A littlebit of History

Between Portuguese and Spanish

The Spanish Juan Diaz de Solis discovered the coast of Uruguayin 1516, and Cabot built the first fort on the rio San Salvador in 1527. However, the occupation was methodically pursued only in the seventeenth and eighteenth centuries. However, it was not until 1726 that the Spanish founded Montevideo, finally,in 1777, to sell the entire Portuguese colony, in exchange for land from the high basin of the Paraná River: the “Eastern Band”. The province marks the eastern limit of Spanish territory, bordering on Portuguese Brazil. Under the name of “Provincia cisplatina”, the territory, too eccentric, is only imperfectly controlled by the Portuguese Empire. Part of Buenos Aires, the so-called “Thirty-three Orientals” expedition, commissioned by Juan Antonio Lavalleja, occupies Montevideo in 1825. After two years of war, British diplomacy imposed in Rio de Janeiro and Buenos Aires the recognition, in 1828, of the Eastern Republic of Uruguay. The story of Uruguay’s birth is marked by its geopolitical situation, that of a buffer state between Argentina and Brazil, whichwill confront it by interposed factions.

Blancos and colorados

In 1830, two forces will emerge that will dominate the Uruguayan political life until the 2000s: the whites (whites) and the colorados (reds). For the most part, the conservatives (whites) defend the interests of the big breeders, in front of the liberal urban bourgeoisie represented by the colorados. From 1843 to 1851, a civil war, called “great war”, broke out between the whites, supported by Argentina, and the colorados, which have French and English support. Finally, Brazil and Argentina impose the reconciliation in the country and, in exchange for their participation in the war, called “of the Triple Alliance”, against Paraguay (1865-1870), assure the power to the colorados, who will preserve it until 1958.
The Constitution of 1919 shares the executive power between the President of the Republic (elected for four years and not immediately eligible for reelection) and a Board of Directors of nine members, three of which must belong to the opposition party, in order to protect the country of the civil war.

From social democracy to military dictatorship

This is another coup d’etat bringing Gabriel Terra to power, which puts the country back on the road to “Batllism” in 1946. A new Constitution is drafted. The country, whose economy is flourishing, then has the most advanced social policy of the Latin American continent, but, since the late 1950s, the decline in prices on the international market for meat and wool does not allow plus the old compromise between safeguarding the interests of big landowners and redistributing national income. The degradation of the standard of living and the governmental corruption give the country to the urban guerilla that maintain, from 1965, the guerillas Tupamaros (name evoking the Indian revolt launched in Bolivia by Túpac Amaru II, in 1780). The army restores order in April 1972 with its victory against the guerrillas.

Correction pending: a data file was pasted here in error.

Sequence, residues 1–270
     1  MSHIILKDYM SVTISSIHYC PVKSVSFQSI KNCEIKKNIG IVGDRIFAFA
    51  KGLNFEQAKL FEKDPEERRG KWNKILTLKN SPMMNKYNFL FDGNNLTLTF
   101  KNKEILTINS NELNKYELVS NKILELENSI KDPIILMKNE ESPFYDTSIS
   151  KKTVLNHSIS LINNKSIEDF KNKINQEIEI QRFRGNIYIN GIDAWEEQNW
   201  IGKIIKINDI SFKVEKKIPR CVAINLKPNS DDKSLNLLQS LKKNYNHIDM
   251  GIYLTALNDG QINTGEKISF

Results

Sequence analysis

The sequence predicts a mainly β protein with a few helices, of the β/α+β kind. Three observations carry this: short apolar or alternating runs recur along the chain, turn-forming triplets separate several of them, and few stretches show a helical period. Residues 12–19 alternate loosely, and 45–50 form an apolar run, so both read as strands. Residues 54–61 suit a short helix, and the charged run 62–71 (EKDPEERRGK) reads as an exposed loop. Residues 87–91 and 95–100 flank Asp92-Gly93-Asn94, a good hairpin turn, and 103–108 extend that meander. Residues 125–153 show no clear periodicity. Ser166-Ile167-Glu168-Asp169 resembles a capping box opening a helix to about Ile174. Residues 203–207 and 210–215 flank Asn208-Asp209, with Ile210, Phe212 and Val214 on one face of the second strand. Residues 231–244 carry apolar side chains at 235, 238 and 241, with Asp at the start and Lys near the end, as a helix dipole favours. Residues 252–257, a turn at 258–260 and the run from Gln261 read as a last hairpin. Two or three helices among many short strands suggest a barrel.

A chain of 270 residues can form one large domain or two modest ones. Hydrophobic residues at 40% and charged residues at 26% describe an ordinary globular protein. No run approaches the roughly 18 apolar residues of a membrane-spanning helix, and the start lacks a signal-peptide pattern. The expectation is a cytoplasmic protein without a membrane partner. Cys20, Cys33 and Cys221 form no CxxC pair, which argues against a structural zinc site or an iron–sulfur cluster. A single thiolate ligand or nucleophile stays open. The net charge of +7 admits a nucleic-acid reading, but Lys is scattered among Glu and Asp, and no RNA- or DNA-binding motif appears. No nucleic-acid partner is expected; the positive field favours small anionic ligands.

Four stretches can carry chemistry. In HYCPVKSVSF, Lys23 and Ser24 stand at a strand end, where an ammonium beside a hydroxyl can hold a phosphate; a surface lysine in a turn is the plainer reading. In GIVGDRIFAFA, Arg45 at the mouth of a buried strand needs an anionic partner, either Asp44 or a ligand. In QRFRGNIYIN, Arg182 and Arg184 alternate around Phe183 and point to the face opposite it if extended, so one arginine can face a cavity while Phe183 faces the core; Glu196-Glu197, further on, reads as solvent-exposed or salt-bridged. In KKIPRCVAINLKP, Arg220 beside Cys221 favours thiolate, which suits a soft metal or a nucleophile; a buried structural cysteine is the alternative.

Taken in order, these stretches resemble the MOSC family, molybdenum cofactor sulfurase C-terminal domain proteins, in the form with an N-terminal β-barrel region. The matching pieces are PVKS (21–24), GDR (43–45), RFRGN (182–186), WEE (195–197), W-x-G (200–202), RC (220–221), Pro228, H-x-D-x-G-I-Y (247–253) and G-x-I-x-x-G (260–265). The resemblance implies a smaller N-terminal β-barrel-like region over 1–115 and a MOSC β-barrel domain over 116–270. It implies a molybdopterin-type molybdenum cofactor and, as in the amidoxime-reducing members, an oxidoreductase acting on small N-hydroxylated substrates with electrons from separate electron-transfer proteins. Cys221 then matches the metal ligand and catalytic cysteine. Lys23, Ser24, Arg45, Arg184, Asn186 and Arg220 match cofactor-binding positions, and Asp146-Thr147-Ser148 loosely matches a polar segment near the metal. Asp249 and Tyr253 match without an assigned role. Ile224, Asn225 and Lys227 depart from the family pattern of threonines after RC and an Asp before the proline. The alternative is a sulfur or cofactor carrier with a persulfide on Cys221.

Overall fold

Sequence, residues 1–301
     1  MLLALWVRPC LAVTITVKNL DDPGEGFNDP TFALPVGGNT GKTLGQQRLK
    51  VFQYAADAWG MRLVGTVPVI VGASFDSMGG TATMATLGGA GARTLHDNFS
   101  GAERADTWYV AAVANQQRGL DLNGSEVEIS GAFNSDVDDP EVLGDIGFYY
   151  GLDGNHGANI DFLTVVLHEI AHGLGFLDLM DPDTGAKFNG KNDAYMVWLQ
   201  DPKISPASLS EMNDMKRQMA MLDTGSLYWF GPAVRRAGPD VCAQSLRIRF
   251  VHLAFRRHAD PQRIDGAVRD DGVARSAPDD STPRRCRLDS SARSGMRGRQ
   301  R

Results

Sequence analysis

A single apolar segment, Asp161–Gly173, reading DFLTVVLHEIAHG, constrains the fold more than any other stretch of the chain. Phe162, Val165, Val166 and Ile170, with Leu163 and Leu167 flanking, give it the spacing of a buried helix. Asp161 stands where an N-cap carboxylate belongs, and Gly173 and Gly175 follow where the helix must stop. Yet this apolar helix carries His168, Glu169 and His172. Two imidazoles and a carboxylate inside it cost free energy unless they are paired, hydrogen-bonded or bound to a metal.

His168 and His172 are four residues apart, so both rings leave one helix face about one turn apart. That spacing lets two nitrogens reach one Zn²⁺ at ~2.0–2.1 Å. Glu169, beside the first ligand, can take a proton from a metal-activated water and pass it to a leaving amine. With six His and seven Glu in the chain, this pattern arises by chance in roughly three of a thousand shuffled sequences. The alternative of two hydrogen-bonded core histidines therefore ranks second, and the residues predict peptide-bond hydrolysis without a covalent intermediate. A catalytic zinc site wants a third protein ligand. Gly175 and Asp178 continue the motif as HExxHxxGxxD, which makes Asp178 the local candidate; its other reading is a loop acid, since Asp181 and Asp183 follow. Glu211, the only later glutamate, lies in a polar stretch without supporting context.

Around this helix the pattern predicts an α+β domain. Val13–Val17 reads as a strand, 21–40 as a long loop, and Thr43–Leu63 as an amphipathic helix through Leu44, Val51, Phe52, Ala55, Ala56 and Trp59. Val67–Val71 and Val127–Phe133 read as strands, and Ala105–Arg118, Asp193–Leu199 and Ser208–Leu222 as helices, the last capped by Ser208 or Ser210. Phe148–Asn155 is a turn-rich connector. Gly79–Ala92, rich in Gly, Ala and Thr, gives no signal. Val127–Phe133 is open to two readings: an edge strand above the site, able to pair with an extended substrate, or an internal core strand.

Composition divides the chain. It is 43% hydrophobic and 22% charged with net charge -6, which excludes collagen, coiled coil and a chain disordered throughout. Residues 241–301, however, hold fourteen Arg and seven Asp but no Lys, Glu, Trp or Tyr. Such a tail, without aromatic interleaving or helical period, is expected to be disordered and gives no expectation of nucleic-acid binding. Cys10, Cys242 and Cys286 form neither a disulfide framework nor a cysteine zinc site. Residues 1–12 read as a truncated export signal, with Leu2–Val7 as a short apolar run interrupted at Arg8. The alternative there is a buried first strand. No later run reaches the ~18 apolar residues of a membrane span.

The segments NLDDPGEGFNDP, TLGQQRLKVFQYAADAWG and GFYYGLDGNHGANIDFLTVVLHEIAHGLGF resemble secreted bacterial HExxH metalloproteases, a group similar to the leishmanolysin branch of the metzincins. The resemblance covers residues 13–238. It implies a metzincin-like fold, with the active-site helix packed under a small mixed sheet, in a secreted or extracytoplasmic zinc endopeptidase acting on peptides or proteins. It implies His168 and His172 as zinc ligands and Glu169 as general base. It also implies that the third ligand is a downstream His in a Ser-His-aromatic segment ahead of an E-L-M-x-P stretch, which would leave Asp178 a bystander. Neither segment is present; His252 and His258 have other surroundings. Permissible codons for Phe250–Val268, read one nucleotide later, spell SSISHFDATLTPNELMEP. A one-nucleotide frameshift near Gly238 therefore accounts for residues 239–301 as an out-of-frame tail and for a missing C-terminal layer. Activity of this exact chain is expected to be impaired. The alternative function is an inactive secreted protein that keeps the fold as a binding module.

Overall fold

The regime is gradually hardening: political associations and activities are prohibited, many Uruguayans are deprived of their civil rights, torture and political imprisonment are frequent. The repression and the decline in purchasing power depopulate the country. It is estimated that during the “military regime” 350,000 to 500,000 people fled abroad. Uruguay, formerly “Switzerland of Latin America”, has become a “country of poor and emigrants”.

The return of political democracy

A new government took office in March 1985, headed by Julio Sanguinetti coloradoparty candidate. It immediately grants amnesty to all political prisoners. The election of November 1994 saw again the victory of Julio María Sanguinetti, Colorado Party. The latter embarked on a reform of the state and tried to make the country competitive, especially against its Mercosur partners, to which Uruguay had acceded as early as March 1991. In 1999, Colorado’s Jorge Batlle Ibáñez won the presidential election against center-left candidate (Frente Amplio) Tabaré Vazquez. He will succeed him by winning the presidential elections of 2004, confirming the left turn of Latin America after the victory of the more social candidates in Argentina, Brazil, Peru, Venezuela and Bolivia.
From 2005 to 2010, Uruguay was headed by Jose Mujica, known as “Pepe Mujica”, a non-conformist, poorest qualified president of the world. Former guerrilla Tupamaros, an extreme left movement advocating urban guerrillas, tortured under the dictatorship, Pepe Mujica just elected renounces his presidential emoluments donated to welfare associations. At 70 years old, he is satisfied with an income of about 600 euros per month that he considers largely sufficient to live comfortably. “Pepe Mujica” has always refused to settle in the national palaces, preferring to live in the humble ramshackle farm in which he still lives near the capital Montevideo.